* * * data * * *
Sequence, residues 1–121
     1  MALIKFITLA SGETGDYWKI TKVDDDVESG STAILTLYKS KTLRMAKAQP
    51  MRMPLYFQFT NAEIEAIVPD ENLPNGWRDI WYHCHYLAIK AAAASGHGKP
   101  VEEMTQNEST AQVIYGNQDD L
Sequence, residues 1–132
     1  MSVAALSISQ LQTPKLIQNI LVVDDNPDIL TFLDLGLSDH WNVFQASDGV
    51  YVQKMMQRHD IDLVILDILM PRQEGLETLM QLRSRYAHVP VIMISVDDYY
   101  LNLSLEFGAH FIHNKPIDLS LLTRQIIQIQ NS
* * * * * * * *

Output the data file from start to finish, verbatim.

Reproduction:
Sequence, residues 1–121
     1  MALIKFITLA SGETGDYWKI TKVDDDVESG STAILTLYKS KTLRMAKAQP
    51  MRMPLYFQFT NAEIEAIVPD ENLPNGWRDI WYHCHYLAIK AAAASGHGKP
   101  VEEMTQNEST AQVIYGNQDD L
Sequence, residues 1–132
     1  MSVAALSISQ LQTPKLIQNI LVVDDNPDIL TFLDLGLSDH WNVFQASDGV
    51  YVQKMMQRHD IDLVILDILM PRQEGLETLM QLRSRYAHVP VIMISVDDYY
   101  LNLSLEFGAH FIHNKPIDLS LLTRQIIQIQ NS